In "The Ghoul" (1933), Boris Karloff plays Professor Morlant, an Egyptologist who believes that being buried with a gem called "The Eternal Light" will help him persuade the god Anubis to grant him immortality. Unfortunately for him, this gem is pursued by thieves with varying motives, none of which include honoring the dearly departed's final wishes.
The title of this film is particularly apt given Morlant's pathological grip on life: the word "ghoul" comes from the Arabic ghul, a derivative of the word for "to seize". Ghilan (plural for ghul), are undead creatures who haunt graveyards, grab (and kill) passersby, and snack on corpses. They're mentioned in literature as early as the Thousand and One Nights, in "The Story of Seyf-el-Muluk and Bedi‘-el-Jemal" (nights 756-778) and they started to haunt English literature with the rise of Gothic novels such as William Beckford's Vathek, the Arabian Tale (a.k.a. The History of Caliph Vathek), which was translated into English from the original French in the late 1800s. Twenty-first Century speculative fiction owes much to the Gothic novel: motifs such as gloomy castles, brooding skies and monsters (real or fake) remain as popular with audiences as ever.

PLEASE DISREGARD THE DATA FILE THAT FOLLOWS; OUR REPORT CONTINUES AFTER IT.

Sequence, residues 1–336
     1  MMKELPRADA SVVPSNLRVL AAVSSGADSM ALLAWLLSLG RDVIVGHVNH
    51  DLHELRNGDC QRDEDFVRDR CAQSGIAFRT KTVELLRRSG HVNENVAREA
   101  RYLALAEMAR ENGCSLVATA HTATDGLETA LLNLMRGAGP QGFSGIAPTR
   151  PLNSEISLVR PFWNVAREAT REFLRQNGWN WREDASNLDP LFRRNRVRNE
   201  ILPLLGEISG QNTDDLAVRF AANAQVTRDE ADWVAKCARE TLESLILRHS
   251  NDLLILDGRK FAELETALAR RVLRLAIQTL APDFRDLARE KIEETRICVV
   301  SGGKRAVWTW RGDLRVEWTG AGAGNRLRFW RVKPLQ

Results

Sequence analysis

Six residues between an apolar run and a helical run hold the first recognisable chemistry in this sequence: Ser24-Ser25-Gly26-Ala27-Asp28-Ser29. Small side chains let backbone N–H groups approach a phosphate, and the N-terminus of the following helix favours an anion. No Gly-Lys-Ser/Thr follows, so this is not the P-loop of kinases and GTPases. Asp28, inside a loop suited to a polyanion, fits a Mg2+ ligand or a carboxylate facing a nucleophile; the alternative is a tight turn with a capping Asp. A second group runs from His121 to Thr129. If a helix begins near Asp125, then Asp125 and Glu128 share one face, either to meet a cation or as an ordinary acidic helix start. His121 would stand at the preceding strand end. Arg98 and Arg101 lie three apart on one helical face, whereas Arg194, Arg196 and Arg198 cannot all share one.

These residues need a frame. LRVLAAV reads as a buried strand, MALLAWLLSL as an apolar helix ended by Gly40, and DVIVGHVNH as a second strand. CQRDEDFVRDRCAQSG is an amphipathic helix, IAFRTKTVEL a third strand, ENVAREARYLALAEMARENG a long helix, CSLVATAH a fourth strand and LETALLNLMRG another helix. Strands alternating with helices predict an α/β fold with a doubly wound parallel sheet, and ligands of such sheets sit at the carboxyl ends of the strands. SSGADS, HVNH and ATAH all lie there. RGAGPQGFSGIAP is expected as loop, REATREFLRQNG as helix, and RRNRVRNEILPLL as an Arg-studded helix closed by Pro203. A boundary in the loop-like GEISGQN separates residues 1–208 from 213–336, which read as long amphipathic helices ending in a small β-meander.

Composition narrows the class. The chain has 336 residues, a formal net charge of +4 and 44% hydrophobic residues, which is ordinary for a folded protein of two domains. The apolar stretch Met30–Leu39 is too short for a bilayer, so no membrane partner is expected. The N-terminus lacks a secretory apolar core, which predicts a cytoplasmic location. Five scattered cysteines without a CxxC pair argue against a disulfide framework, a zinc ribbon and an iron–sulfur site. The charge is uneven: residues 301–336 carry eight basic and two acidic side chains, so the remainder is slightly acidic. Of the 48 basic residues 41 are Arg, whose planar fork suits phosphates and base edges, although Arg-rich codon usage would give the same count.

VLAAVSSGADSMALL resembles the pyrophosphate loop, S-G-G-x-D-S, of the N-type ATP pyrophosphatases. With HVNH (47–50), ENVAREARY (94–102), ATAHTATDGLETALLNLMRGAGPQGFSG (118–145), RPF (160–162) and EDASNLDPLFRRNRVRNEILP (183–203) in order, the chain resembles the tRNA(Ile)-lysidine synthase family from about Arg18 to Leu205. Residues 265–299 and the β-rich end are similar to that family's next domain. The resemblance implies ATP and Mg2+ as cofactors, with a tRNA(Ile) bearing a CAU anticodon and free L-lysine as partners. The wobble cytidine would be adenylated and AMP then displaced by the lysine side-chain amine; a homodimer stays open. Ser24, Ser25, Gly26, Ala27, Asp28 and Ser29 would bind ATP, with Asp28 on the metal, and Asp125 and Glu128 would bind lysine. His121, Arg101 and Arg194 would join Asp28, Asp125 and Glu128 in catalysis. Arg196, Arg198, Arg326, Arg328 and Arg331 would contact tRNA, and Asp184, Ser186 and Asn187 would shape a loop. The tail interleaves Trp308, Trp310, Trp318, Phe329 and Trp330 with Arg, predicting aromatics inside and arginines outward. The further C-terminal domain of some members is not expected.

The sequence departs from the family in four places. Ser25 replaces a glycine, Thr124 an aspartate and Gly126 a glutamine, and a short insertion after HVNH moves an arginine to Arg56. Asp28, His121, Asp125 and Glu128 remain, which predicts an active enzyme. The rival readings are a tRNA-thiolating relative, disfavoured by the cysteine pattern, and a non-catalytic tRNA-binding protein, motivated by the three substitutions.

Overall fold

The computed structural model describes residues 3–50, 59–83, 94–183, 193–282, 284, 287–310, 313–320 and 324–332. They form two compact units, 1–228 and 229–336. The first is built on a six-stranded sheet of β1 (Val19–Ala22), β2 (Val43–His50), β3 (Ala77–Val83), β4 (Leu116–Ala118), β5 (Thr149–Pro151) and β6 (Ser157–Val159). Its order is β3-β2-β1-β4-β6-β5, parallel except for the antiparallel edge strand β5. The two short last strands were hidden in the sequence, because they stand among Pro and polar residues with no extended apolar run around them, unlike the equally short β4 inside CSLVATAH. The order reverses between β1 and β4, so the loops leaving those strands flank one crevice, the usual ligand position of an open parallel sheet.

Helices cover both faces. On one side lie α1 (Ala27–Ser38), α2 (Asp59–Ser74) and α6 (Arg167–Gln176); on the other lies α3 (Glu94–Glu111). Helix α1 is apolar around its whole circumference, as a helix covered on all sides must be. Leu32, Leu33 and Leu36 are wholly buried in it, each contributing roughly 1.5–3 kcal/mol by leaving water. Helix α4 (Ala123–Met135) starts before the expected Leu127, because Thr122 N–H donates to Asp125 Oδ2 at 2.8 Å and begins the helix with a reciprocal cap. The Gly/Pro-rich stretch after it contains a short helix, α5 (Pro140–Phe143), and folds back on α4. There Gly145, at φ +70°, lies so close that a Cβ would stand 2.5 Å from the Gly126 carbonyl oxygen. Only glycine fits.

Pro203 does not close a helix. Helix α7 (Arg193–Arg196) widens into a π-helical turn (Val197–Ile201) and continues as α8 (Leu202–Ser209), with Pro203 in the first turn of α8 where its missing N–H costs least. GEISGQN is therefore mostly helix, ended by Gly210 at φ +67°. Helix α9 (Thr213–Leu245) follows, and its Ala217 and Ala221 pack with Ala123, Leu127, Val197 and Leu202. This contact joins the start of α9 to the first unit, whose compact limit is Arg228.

Fans of Boris Karloff cheered when a nearly pristine original reel of "The Ghoul" was discovered in a film vault three decades after fans despaired of ever again seeing a complete version. Boris Karloff was the stage name for actor William Henry Pratt, who is best known for his iconic portrayal of Frankenstein's monster in the 1931 James Whale film.
David HessDavid Hess, director of the Mortuary Science program at Salt Lake Community College, discusses The Ghoul and the wide range of knowledge and skills that are required in today's funeral industry.
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